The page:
Wood confirmed as the primary source of renewable energy in Europe
Wood energy accounts for 3% of the total primary energy supply (TPES) and 47% of the renewable energy supply (RES) in the UNECE region in 2009, confirming its role as the leading source of renewable energy. Wood covered almost 20% of the total energy demands of Sweden, Finland and Estonia and accounted for well over half the renewable energy supply in the Nordic and Baltic states as well as in Serbia and the Czech Republic. Around 44% of all mobilised woody biomass supply is used for energy purposes. Despite the increasing rate of wood consumption for energy, the region's forests are increasing in area as well as standing volumes.
These are the main conclusions of the UNECE/FAO Joint Wood Energy Enquiry (JWEE), a biennial questionnaire that aims to shed light on the real role of wood energy within the region by promoting cross-sectoral communication and cooperation between the energy and forestry sectors. Now in its third round since 2005, the JWEE has become a reference source of information on wood energy, drawing responses from an increasing number of countries.
Sources of wood energy
The main sources of wood energy are:
- Co-products and residues from forest-based industries, including processed wood fuels with improved energy content such as wood pellets, briquettes and charcoal (also called indirect sources) contributing 57%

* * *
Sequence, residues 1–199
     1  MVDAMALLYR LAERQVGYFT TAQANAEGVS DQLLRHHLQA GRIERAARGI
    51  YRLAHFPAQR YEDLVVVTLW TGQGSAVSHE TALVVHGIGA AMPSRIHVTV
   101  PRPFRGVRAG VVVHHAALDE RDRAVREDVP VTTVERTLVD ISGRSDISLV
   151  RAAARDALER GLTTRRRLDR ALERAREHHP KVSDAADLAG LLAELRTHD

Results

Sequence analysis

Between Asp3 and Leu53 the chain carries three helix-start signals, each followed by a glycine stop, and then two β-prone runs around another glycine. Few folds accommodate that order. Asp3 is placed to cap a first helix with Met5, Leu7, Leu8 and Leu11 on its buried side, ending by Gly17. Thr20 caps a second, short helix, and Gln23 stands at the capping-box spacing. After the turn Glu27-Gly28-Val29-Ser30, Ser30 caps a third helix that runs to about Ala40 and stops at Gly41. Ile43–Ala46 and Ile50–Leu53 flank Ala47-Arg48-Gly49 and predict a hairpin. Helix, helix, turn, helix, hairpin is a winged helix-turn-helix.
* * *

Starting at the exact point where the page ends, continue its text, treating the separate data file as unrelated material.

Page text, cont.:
- woody biomass from forests and other wooded land (also known as direct sources) such as logging residues, thinnings and clearings, which represent 40% of consumption.
- recovered waste wood (mainly waste from construction, but also packaging and old furniture) which accounts for 3% of wood energy supply.
However, the proportion of these three sources varies among countries, with Serbia, Italy, France, the Czech Republic, Slovenia, Norway and Russia relying heavily on direct supplies of wood fibres whereas countries such as the United States, Belgium, Sweden, Finland, Estonia, Slovakia, Austria and Ireland rely mainly on wood supply from indirect sources. Finland, Sweden, Slovakia and the United States have large shares of energy generated from black liquor reflecting the relative importance of the pulp and paper industries in the forest sector. Waste wood is reported as a significant source of wood energy in the UK, Ireland, Germany and Switzerland where it is mainly consumed in power applications and waste to energy plants. In general, however, data on recovered wood is difficult to obtain and often not discernible from generic waste statistics.
Uses of wood energy
Wood energy is consumed in roughly equal measure (approximately 39% each) by forest-based industries and households. The highest shares of industrial use are in the United States, Ireland, Slovakia, Belgium, Finland and Sweden. The forest products industry typically consumes energy generated from the solid and liquid co-products of its manufacturing processes. Countries with important forest industries, such as Finland, Sweden and the United States, therefore, have a higher level of industrial consumption.